"Missing" Is Released

Missing is a 1982 film directed by Costa Gavras, starring Jack Lemmon, Sissy Spacek, Melanie Mayron, John Shea and Charles Cioffi.

It is based on the true story of American journalist Charles Horman, who disappeared in the bloody aftermath of the US-backed Chilean coup of 1973 that deposed President Salvador Allende.

The film was banned in Chile during Pinochet's regime, even though the nation is not mentioned by name in the film (although the Chilean cities of Viña del Mar and Santiago are).[1] Both the film and Thomas Hauser's book The Execution of Charles Horman were removed from the market, following a lawsuit filed against Costa-Gavras and Universal's parent company MCA by former Ambassador Nathaniel Davis, and two others. A lawsuit against Hauser himself was dismissed because the statute of limitations had passed. Davis and his compatriots lost the lawsuit. After the lawsuit, the film was again released by Universal in 2006.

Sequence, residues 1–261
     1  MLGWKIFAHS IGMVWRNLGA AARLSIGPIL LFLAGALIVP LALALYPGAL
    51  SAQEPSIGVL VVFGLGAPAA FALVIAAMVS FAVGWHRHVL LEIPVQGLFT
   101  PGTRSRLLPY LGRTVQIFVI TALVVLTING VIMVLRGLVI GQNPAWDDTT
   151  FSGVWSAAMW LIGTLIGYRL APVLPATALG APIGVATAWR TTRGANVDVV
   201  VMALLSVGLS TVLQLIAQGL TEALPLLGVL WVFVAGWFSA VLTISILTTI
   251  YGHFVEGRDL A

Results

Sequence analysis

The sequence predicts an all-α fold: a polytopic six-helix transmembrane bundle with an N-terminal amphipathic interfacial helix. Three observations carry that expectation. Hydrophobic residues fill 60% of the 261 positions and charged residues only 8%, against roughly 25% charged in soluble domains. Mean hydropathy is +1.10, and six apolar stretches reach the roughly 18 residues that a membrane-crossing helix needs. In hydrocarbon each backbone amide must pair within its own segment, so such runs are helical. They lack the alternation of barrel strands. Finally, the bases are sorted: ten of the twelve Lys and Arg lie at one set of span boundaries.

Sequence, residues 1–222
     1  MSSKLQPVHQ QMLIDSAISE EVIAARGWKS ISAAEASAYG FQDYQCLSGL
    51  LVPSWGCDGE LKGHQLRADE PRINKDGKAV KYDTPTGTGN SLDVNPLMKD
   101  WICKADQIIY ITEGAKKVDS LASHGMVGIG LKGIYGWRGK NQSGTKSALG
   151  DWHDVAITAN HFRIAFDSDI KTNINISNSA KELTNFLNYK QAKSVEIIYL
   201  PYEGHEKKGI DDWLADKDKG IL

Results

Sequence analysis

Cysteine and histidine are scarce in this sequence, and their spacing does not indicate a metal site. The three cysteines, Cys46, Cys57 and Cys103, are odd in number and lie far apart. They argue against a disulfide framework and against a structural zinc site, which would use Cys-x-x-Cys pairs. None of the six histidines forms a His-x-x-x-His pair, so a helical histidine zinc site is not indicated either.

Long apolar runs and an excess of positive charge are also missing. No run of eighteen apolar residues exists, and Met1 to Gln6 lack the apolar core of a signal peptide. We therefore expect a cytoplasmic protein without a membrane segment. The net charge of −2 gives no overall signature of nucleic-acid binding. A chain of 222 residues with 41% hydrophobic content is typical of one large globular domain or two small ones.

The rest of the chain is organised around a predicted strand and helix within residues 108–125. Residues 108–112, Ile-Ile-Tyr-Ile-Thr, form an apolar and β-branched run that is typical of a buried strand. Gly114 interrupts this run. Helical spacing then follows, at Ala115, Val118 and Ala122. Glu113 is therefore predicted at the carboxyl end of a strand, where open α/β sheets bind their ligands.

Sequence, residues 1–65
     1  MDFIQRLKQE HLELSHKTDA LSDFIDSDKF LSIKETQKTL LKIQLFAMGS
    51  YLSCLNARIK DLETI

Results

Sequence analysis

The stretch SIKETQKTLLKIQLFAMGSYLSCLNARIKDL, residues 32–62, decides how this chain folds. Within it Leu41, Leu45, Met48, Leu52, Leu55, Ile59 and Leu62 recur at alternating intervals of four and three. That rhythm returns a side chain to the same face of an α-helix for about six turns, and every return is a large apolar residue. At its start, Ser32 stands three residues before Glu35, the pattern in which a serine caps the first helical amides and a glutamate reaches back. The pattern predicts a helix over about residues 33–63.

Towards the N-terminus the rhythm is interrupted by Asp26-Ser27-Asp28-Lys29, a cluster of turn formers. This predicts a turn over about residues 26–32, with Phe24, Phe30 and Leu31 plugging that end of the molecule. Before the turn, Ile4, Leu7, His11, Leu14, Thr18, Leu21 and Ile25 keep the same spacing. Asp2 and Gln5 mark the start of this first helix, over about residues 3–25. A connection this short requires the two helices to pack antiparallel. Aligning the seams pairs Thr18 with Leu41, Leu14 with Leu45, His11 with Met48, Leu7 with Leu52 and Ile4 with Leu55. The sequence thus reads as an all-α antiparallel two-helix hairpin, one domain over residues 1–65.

Costa-Gavras's tense political drama opens in an unspecified South American country (though clearly intended to be Chile) in the throes of a military coup. American activist Charles Horman (John Shea), who has been a thorn in the side of the country's military ever since his arrival, suddenly disappears. In trying to find out what has happened, his wife Beth (Sissy Spacek) is stonewalled, not only by the ruling junta but by the American consulate. His father, staunchly patriotic Ed Horman (Jack Lemmon), joins Beth in her search. Ed and his daughter-in-law have never seen eye to eye politically, and he refuses to entertain the notion that his son's disappearance might be part of a larger conspiracy or cover-up. But as the days grow into weeks, Ed comes to the shattering conclusion that he and his family have been betrayed by the American government, on behalf of the "friendly" South American dictator who holds his people in a grip of iron. Adapted by Costa-Gavras and Donald E. Stewart from a book by Thomas Hauser, Missing was inspired by the true story of the late Charles Horman. In spite of (or perhaps because of) condemnation from certain high-ranking officials in the Reagan administration, the film went on to win an Academy Award for Best Adapted Screenplay, as well as nominations for Best Picture, Best Actor, and Best Actress. ~ Hal Erickson, All Movie Guide